Pounding punk baselines and feminist ideals of the early 1990s fill the edgy pages of “Girls to the Front.” This non-fiction compilation of interviews, narratives and photos by Sara Marcus was published in 2010. It focuses on the rise and fall of Riot Grrrl, a grassroots movement of young women, aged approximately 16-25, and their controversial fusion of feminism, punk music and culture.
Amidst the pines of the Pacific Northwest and the urban D.C. Metro area, Marcus shows rather than tells how the bands Bikini Kill and Bratmobile made more than just music. Explorations of the punk scene provide context for the movement and book title. Traditionally, the fronts of punk shows were male-dominated mosh-pits, filled with slam dancing and violence. Women often stood in the back, watching the band from afar. Riot Grrrl broke this mold by stopping shows to get ‘girls to the front’ safely.
Despite the varied texture and use of mixed media, the text is unapologetically dense at times, which may intimidate casual readers. Remaining oriented among the dense footnotes, dates and names can be challenging. Bookmarking the provided postscript, index and notes section is a useful and helpful strategy.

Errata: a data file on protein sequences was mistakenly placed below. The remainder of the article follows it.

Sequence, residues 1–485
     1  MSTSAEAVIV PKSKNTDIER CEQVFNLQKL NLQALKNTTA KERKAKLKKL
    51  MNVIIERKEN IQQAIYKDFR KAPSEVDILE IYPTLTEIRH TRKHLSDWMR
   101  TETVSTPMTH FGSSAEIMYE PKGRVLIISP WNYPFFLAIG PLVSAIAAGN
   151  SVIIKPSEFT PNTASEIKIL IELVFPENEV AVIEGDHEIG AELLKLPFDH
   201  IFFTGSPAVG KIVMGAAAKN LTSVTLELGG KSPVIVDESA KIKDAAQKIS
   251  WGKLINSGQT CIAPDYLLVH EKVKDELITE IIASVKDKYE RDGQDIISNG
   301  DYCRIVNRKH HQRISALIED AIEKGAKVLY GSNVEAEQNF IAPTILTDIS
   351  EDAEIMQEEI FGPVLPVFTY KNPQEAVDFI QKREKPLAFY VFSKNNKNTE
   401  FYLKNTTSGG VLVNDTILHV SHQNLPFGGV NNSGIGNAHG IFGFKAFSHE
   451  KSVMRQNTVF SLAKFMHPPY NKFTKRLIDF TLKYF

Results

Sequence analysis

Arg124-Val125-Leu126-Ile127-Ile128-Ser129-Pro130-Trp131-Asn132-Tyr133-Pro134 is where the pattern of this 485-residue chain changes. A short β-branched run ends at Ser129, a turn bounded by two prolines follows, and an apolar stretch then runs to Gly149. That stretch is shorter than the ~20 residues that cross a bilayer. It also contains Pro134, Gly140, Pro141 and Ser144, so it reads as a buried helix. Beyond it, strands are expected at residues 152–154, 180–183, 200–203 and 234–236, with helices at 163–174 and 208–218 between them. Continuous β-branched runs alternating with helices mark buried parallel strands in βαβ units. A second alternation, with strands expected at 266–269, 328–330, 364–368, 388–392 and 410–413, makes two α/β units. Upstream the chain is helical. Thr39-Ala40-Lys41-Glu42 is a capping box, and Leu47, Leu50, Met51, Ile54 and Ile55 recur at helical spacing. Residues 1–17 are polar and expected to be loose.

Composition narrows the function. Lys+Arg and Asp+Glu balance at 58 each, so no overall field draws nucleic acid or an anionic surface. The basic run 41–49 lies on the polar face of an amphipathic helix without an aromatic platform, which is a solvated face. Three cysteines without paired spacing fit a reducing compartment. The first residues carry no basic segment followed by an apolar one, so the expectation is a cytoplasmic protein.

For most readers, the connections between key Riot Grrrl members and other ‘90s cultural icons will be the highlights of the book. During one interview, Kathleen Hannah of Bikini Kill discusses the night she drunkenly spray painted “Kurt Smells like Teen Spirit” on Kurt Cobain’s bedroom wall, inspiring Cobain to write one of Nirvana’s most iconic songs. The inclusion of details like these adds personality to Marcus’ pages. Readers are able to put faces and ideas connected with the movement into context for deeper comprehension.
Through this lens of gender equality and punk culture, Marcus succeeds in logically explaining the movement’s formation, key qualities and players. She traces the action for readers, as the Riot Grrrl’s leaders, successes and failures are evaluated. Marcus strives to accurately cover the spirit and roots of an often misunderstood, and sometimes controversial, movement, something not many other writers would dare to attempt.
Extensive interview footage from the production of “Girls to the Front” and examples of Riot Grrrl’s music are also available on YouTube. The book’s website, www.girlstothefront.com, features some of the video footage that was recorded and used during the making of the project.